Although Chaori's default is a small test case for the authorities to signal an end to long-standing implicit government support, we do not think this in itself will create systemic risks for the financial sector. Chaori’s outstanding debt is small given the scale of the China’s domestic bond market.
On the positive side, we believe Chaori’s default will increase transparency in the bankruptcy and liquidation process for lenders and investors. There is no precedent for default resolution of a domestic bond issuer. So investors and lenders are eager to see how the process will play out and what they can expect from the recovery of their investments and loans. China’s bankruptcy regime is currently untested and bankruptcy proceedings are unclear.
Do you expect more wealth-management or trust products to be under stress?
We believe more trust products could come under stress this year as the economy slows. The underlying risks to the assets of wealth-management products and trust loans have yet to decline. This reflects the tough operating conditions for some of the assets that are pledged as security for the products or loans. Early this year, investors in a sizable collective trust program in China that had been under stress were spared losses. But we see this as a temporary reprieve for China's shadow-banking segment.
What are the implications of shadow banking?
The rise of the shadow banking sector in China highlights leverage in the economy and the issue of capital allocation — both of which are among the key long-term determinants of the Chinese banking sector's credit performance. Shadow banking can be conducive to China’s economy. For example, internet finance, based on massive transactional data of small business and individuals, may have a competitive edge over banks’ traditional SME and consumer lending in terms of credit assessment and cost efficiency. But we do not think it will develop into mainstream corporate finance.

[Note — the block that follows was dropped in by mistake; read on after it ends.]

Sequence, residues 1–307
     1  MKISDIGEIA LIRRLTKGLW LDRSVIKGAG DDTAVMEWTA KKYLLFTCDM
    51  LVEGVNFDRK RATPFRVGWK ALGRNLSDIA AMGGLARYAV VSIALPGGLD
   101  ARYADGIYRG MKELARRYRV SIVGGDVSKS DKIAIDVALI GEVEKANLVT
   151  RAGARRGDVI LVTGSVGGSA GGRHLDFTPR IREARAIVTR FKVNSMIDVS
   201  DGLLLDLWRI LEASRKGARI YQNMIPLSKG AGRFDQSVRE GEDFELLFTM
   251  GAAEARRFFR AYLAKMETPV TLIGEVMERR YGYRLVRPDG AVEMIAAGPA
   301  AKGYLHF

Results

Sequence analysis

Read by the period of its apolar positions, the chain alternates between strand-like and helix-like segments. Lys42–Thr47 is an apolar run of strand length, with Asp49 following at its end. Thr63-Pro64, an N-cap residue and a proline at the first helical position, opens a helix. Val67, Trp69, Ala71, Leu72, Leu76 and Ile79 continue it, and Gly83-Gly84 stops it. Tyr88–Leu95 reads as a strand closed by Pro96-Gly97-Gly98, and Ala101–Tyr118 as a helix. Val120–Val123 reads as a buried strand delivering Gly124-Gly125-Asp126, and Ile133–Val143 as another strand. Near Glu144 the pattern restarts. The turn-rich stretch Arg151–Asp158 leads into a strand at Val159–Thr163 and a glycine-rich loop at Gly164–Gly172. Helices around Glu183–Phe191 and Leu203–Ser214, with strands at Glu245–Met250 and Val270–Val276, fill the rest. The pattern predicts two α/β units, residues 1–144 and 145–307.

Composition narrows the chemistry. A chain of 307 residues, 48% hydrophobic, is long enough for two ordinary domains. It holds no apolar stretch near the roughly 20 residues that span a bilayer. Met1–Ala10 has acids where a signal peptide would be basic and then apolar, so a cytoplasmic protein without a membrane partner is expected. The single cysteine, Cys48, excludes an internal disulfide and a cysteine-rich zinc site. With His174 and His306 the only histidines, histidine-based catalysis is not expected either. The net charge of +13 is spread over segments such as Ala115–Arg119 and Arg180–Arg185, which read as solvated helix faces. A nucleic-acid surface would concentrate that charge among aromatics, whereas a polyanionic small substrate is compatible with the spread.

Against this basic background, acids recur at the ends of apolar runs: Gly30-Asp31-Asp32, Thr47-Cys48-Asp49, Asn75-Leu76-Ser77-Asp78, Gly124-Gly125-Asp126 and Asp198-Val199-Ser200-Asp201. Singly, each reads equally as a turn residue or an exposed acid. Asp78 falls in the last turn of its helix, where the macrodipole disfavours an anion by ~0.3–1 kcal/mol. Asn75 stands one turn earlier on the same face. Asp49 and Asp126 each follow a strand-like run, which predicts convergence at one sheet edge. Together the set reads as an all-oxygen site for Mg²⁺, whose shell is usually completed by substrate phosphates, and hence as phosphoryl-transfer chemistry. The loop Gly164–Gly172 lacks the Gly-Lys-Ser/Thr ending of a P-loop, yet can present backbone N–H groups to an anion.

However, we believe that China's shadow banking system poses more risks than potential benefits. This is because the already-high debt levels of corporate China leave little room for a further rise in leverage, particularly given the slower economic growth scenario and a significant proportion of shadow banking credits flows to uneconomic investment projects.
Would shadow banking activities lead to systemic risk for the banking sector?
We continue to view China's shadow banking more as a symptom than a cause of some emerging systemic risks to the banking sector and the wider economy. Chinese banks have already accumulated high credit risks on their balance sheets. But distorted growth in shadow banking could lead to a further unintended build-up of credit risks that banks may not fully appreciate. Certain parts of the shadow banking sector, notably trust companies, may prove to be the weak link of China's financial system.
Is China heading for its own “Lehman moment”?
We do not foresee a liquidity-triggered banking crisis in China. China has many levers in its economy that can protect it from having such a crisis. Chinese banks are predominantly funded with retail and business deposits, with limited reliance on wholesale funding. The banking sector’s loan-to-deposit ratio is very low compared to global norms, while sizeable reserves (over 20% of deposits for major banks) placed with the People’s Bank of China can be used as a stopper in any credit event.
We can't rule out financial distress and severe credit losses for Chinese banks over the next two to three years. But we believe a prolonged crisis is unlikely for Chinese banks. And we believe China's economy has sufficiently robust growth potential for its banks to ride out any credit crunch. China's US$3.8 trillion in foreign reserves are the largest in the world and constitute over 40% of GDP. This makes an external crisis and an approach to the IMF extremely unlikely.
China also has a strong public sector balance sheet. Even with the recent recognition of local government debt, the public debt to GDP ratio stands at 36%, relatively low compared with China's peer group. This means that in a "credit event", the public balance sheet has room to absorb substantial losses in public entities, such as banks and other financial firms.
The authors of this article are Standard & Poor’s credit analysts: Christopher Lee ,managing director of corporate ratings, and Qiang Liao, senior director of financial institutions ratings.